A cytochrome P4502E1 genetic polymorphism and tobacco smoking in breast cancer.Mol Carcinog 1996; 17(3):144-50MC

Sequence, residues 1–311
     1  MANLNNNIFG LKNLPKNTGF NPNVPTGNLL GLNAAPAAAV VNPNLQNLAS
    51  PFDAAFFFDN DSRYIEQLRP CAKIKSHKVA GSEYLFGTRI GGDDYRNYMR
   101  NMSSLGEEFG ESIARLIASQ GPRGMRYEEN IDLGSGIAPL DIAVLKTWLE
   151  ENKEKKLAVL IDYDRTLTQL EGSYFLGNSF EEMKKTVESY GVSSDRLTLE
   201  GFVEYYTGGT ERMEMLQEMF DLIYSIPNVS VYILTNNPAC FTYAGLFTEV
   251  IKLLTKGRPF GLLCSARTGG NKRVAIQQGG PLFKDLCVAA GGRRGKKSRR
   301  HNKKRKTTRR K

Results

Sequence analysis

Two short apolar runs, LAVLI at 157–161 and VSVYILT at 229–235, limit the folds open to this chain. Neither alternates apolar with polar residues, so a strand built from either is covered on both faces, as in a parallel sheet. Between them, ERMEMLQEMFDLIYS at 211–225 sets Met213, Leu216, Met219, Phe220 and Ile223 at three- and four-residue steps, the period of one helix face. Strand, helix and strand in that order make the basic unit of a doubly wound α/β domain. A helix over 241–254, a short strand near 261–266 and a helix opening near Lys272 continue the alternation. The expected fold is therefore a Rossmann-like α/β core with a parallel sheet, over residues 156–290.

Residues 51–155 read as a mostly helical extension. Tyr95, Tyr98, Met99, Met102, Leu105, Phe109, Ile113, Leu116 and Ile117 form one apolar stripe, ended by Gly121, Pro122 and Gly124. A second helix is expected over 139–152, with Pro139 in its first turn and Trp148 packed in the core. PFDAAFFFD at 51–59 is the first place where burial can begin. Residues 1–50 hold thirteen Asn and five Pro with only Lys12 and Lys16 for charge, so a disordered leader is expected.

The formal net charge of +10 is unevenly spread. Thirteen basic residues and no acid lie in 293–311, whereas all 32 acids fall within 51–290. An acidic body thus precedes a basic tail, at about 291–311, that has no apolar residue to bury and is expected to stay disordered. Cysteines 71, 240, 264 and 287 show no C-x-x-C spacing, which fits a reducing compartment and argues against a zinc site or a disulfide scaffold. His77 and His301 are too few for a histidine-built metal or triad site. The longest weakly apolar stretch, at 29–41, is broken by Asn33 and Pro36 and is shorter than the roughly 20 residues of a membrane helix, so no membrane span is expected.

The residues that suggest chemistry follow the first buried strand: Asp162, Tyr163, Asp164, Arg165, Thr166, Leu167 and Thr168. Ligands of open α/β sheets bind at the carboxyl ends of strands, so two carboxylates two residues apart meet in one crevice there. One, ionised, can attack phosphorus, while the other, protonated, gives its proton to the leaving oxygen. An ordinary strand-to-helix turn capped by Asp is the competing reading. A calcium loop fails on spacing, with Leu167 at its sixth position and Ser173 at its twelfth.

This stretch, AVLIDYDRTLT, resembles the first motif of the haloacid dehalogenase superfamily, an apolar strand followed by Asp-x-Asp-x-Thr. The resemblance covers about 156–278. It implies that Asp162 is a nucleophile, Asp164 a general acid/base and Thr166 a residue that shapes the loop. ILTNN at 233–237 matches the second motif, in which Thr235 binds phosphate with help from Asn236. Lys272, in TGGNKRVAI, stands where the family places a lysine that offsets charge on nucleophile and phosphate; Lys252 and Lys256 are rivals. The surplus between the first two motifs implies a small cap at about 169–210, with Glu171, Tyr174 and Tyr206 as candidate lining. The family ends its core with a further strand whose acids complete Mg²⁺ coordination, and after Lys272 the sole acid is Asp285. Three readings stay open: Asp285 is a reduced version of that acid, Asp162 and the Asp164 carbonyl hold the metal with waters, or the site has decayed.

Known breast-cancer risk factors account for only part of the variability in breast-cancer incidence. Tobacco smoke is not commonly considered a breast carcinogen, but many of its constituents, such as N-nitrosamines, are carcinogenic in laboratory animal studies. Herein, we assessed a cytochrome P4502E1 (CYP2E1) genetic polymorphism (a Dral restriction enzyme site in intron 6) as a risk factor for breast cancer in both premenopausal and postmenopausal women. Because N-nitrosamines are metabolically activated by CYP2E1, the risk among women smokers was investigated. Caucasian women were enrolled in a case-control study of breast cancer between 1986 and 1991. A subset of the women (219 premenopausal and 387 postmenopausal women) consented to phlebotomy. The allelic frequencies for the premenopausal women (D allele = 0.91 and C allele = 0.09) and postmenopausal women (D allele = 0.93 and C allele = 0.07) were similar to those previously reported. There was no statistically significant association between the CYP2E1 polymorphism and breast-cancer risk for premenopausal or postmenopausal women (adjusted odds ratio (OR) = 1.04, 95% confidence interval (CI) = 0.48, 2.24, and OR = 1.01, 95% CI = 0.55, 1.84, respectively). When the women were categorized as nonsmokers versus smokers (those who smoked more than one cigarette per week for more than 1 yr), premenopausal women with one or two C alleles who had a history of smoking were found to be at increased risk (unadjusted OR = 7.00, 95% CI = 0.75, 14.53, and adjusted OR = 11.09, 95% CI = 1.51, 81.41), although the number of study subjects with those genotypes was small. The small number of study subjects with a C allele precluded meaningful classification by level of smoking, but categorizing the smokers into two groups (above and below the median) also suggested an increased risk. Premenopausal women with the DD genotype and postmenopausal women with any genotype were not at increased risk. Breast-cancer risk was not related to the CYP2E1 genotype in either premenopausal nonsmokers or smokers (adjusted OR = 0.66, 95% CI = 0.20, 2.17, and OR = 2.13, 95% CI = 0.60, 7.59, respectively) or postmenopausal nonsmokers or smokers (OR = 0.90, 95% CI = 0.34, 2.35, and OR = 1.02, 95% CI = 0.46, 2.23, respectively), although the difference in the ORs for premenopausal nonsmokers and smokers suggests an increased risk for smokers. While there are limitations to this study, particularly related to the small number of subjects with the DC and CC genotypes, the study suggests that some women may be susceptible to tobacco smoke because of a CYP2E1 polymorphism. However, these results are preliminary and must be replicated.